What is myelodysplastic syndromes (MDS)?
Myelodysplastic syndromes (MDS) causes
MDS is caused by changes (mutations) in DNA within blood cells. For most people these changes are not inherited. Instead, they happen during a person’s lifetime.
We don’t know exactly why these changes happen to some people and not to others. We do know that there are some things that make people more likely to develop MDS. These are called risk factors.
While these things do slightly increase the risk of developing MDS, it can happen to anyone and it's not because of anything you have done. For most people with MDS, no specific trigger or cause can be found.
MDS can be diagnosed at any age, but it’s more common as you get older. The typical age that people develop MDS is around 75 years old. About 9 in 10 people diagnosed with MDS are over 50. MDS is very rare in children and young adults.
Your sex at birth
People who are born male are twice as likely to develop MDS as people who are born female. We don’t know why.
Previous cancer treatment
Previous chemotherapy or radiotherapy treatment may damage the bone marrow and possibly cause MDS. This is called secondary or therapy-related MDS.
Very rarely, MDS can be inherited or may develop from another rare genetic disorder. If your doctor thinks your MDS may be inherited, they will refer you to a genetics service to discuss the chances of other family members having it. However, for most people, MDS is not passed down to children and is not an inherited genetic disease.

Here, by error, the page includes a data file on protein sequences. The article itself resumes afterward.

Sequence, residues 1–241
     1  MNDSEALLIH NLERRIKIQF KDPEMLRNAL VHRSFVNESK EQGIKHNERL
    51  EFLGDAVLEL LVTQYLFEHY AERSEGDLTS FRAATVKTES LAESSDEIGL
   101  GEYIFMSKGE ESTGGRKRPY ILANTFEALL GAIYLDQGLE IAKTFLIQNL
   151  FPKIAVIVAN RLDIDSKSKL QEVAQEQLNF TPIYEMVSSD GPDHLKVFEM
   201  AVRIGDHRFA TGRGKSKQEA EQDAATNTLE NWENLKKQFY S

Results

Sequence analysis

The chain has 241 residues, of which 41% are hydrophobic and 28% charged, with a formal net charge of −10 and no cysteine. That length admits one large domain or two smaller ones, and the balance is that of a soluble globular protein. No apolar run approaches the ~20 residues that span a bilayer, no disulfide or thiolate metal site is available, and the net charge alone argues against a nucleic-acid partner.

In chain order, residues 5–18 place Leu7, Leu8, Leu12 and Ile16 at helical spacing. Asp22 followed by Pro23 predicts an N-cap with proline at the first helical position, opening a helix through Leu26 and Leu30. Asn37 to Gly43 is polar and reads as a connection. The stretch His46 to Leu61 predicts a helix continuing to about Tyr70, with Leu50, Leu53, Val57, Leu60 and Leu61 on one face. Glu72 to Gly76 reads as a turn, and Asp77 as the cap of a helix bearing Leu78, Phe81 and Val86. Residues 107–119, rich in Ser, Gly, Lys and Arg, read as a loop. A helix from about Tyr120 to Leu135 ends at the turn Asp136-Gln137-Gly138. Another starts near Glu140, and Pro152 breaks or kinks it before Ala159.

Other blood conditions
There are some related blood conditions which can increase the risk of developing MDS. These conditions include:
- clonal haematopoiesis of indeterminate significance (CHIP) – where you have genetic changes in otherwise healthy blood cells
- idiopathic cytopenia of unknown significance (ICUS) – where you have low numbers of one or more types of blood cell for no obvious reason
- clonal cytopenia of unknown significance (CCUS) – where you have genetic changes in your blood cells and low numbers of one or more types of blood cell for no obvious reason
These conditions are not harmful and are not considered to be disorders or diseases. They are unlikely to make you feel unwell and don’t need any treatment. However, some people with these conditions do go on to develop MDS.
If you have CHIP, ICUS or CCUS your doctor may recommend regular blood tests to check if it is developing into MDS.
Exposure to toxic chemicals
Long-term exposure to certain chemicals may increase the risk of MDS. One of these chemicals is benzene, which is found in tobacco smoke. It’s also used in some types of manufacturing, although there are now rules to stop people working with benzene being exposed to unsafe levels.